Sometimes these realisations come across a little negative, but that’s really not how I see them at all. I love getting reminders of our amazing little country and its crazy culture. I’m proud to be a New Zealander. I’m proud to be showing New Zealand off to the world a little, and I will be proud to return home when we do.

The small things

Yesterday I wrote about needing space. And last night I got space, in the form of a dinner out with friends. Then today I got more space, in the form of some shopping, a fresh lime, and a bra fitting.

It was amazing. Good company, good food, good conversation last night. And good solitude today.

I enjoy the activities and the space and the break. But every time I have a break, I enjoy the tiny details almost as much as the break…


I have worn necklaces two days in a row. And not silicone teething necklaces!

Last night I wore a dress that is not breastfeeding friendly.

Today I went into changing rooms without worrying about a small person crawling out under the curtain when I’m half naked

I wore glasses and no one tried to steal them off my face.

I carried just a tiny bag with my phone and wallet. No bib, no toys, no nappies.

After we finished eating, we sat and chatted.

No one banged their cutlery on the table, grabbed my glass, or threw food on the floor.

Add these to the list of things I didn’t really realise before I was a parent, because I never really thought of a necklace as a luxury before!

On the flip side, people didn’t smile quite as much, and only one person told me my baby was adorable (she had not long been to visit the café with her Papa when I went in, and we’re kinda regulars).

Life is different when she’s there. Outings are more difficult. But even if I love these breaks when I get them, I (obviously) wouldn’t change her for anything.


In general, I am not a black and white thinker. I am not always keen on labels and categories.  But there are a few labels that I have found useful for understanding myself and how I can live with a little more ease and comfort.

The first label that turned my life around was “perfectionist”.  I resisted the label for a long time, because surely if I was a perfectionist, I would be… better? But once I realised that being a perfectionist was pretty much nothing to do with being perfect (it took until I was 26, but I got there in the end), I also clicked that it was pretty much me to a t. And once I accepted the label, I found it easier to figure out why I was struggling, and what I could do to make things a little better.  It’s a work in progress, absolutely, but then again, most things are.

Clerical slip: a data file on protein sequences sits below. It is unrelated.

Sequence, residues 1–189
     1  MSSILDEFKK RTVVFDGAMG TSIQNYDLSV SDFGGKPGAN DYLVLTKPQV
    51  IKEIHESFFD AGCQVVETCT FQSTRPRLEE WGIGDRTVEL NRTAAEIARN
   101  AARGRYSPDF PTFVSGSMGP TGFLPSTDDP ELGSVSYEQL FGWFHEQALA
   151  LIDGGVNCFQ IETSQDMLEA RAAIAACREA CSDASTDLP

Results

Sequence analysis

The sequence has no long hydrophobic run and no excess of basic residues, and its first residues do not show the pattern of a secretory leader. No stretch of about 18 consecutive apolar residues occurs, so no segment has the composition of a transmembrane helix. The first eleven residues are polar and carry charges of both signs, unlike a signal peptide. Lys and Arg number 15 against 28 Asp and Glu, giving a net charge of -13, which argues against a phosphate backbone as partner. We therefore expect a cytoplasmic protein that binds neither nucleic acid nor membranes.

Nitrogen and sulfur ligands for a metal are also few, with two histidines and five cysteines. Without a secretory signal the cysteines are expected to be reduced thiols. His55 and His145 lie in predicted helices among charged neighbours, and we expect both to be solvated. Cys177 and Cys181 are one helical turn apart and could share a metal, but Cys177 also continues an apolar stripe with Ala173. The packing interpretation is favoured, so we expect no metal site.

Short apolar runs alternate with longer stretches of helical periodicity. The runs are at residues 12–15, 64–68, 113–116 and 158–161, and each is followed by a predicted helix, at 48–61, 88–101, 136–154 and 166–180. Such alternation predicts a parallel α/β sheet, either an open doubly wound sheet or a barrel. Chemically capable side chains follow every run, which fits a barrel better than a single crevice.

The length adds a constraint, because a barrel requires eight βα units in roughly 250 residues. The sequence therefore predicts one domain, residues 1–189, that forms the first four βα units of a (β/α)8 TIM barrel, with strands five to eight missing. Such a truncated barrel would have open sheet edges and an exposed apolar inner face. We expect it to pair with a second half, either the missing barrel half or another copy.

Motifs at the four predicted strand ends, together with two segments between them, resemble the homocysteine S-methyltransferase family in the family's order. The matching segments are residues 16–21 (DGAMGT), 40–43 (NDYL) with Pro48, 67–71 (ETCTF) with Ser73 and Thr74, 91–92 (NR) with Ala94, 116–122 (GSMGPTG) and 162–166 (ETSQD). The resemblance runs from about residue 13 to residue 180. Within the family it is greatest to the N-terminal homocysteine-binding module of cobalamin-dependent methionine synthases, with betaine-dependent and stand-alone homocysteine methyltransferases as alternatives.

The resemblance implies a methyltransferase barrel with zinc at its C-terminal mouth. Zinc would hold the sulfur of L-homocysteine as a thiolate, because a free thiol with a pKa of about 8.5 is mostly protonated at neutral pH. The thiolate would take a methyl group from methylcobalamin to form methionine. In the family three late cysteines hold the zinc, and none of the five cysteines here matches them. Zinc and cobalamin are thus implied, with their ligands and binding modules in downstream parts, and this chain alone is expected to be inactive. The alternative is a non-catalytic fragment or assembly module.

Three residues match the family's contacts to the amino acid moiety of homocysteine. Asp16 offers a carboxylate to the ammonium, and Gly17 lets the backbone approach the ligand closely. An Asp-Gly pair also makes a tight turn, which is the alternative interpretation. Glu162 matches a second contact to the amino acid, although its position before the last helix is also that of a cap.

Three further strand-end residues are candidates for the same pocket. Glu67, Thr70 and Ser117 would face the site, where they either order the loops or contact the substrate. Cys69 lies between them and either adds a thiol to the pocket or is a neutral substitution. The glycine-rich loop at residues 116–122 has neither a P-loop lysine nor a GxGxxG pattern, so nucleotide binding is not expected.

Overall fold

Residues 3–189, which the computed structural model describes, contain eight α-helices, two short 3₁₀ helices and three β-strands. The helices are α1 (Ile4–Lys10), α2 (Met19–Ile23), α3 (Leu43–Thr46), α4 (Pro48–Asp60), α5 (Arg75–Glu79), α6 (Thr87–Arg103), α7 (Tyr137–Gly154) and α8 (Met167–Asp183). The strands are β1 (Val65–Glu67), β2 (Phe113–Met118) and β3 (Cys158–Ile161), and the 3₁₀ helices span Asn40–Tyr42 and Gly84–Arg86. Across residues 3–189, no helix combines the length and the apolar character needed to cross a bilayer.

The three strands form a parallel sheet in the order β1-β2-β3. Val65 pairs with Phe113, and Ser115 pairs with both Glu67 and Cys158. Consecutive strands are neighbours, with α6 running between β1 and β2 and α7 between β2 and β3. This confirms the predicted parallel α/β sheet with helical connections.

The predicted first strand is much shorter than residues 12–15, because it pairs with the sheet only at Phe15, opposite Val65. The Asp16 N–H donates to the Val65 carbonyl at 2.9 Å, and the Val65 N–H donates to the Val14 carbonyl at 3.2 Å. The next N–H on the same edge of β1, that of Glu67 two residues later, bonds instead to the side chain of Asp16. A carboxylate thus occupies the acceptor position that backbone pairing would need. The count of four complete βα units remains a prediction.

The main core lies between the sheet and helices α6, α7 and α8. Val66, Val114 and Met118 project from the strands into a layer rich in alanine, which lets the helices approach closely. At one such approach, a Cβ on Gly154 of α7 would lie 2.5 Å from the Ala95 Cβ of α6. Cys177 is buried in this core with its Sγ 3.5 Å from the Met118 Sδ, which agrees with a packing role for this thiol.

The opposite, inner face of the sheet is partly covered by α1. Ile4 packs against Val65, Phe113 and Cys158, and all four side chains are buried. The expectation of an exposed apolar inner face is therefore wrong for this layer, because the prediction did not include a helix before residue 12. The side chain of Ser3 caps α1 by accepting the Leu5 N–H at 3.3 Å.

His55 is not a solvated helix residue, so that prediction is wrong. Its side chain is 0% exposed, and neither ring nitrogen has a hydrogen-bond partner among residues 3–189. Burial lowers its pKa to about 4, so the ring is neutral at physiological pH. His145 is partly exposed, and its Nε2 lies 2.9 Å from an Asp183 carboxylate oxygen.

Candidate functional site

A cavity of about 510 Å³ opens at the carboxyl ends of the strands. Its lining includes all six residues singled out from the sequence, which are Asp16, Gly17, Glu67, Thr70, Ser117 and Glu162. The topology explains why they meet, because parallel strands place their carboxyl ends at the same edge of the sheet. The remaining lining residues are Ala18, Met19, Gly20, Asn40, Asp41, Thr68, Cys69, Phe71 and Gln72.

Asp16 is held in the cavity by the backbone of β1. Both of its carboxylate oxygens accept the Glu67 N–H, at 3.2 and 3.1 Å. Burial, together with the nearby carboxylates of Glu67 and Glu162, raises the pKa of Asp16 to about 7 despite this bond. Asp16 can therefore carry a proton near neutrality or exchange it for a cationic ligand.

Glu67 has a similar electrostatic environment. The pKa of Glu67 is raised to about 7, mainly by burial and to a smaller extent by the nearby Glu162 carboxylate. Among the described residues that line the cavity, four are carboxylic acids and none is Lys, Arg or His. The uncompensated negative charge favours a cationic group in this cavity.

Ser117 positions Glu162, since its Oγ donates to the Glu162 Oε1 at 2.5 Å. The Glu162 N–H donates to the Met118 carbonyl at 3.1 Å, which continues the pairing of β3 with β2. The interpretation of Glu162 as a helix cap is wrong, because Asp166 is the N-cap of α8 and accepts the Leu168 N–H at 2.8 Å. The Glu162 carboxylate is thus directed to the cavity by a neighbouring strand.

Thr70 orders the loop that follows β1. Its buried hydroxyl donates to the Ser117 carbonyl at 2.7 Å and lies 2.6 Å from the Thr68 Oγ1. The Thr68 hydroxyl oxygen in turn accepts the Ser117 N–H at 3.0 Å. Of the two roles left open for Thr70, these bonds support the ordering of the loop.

The label “introvert” was a lot easier to get my head around.  I am an introvert, and pretty much always have been.  When I was young, it was often painted as “shy”, but that’s not really it.  I just take a little while to warm up to new situations sometimes.  And when the shit hits the fan, I prefer time and space alone (or with just The Engineer or my family) to regroup and recharge.

Before The Engineer’s Baby arrived, I knew that my perfectionism was going to be a problem. Because honestly, there is no way to be the perfect parent, and very few things go perfectly with an infant.  I was prepared.  There have been (MANY) challenges along the way, but I’ve generally understood a bit of the why and a bit about how to get through them.

But until I read this article yesterday, I truly didn’t make the connection that being an introvert was part of the challenge of parenting for me.  I am honestly surprised that it took me nearly eleven months to click, because it is so bloody obvious.  But here we are, proof that it did.

This is about as alone as I get (or at least feel) some days.

This is about as alone as I get (or at least feel) some days.

When you’re an introvert and you become a parent, your body goes through a little shock. Suddenly, you have very little alone time. Sure, your new baby is not talking to you — and at times, not making much noise at all. But let’s face it: You are never truly alone from the moment your first child is born.

This quote jumped out at me.  I knew I was feeling touched out (particularly early on).  I knew that most parents wanted a break from time to time (because, duh!). But I hadn’t completely realised just how little alone time I get.  My little dot is not a great independent sleeper in the day.  She still breastfeeds frequently.  So even when I do get a little break, you’d best believe she’s pretty close to the top of my mind.  And I need physical and mental alone time to really recharge.  (I also need sleep, but that’s a whole different story).

And then there was this: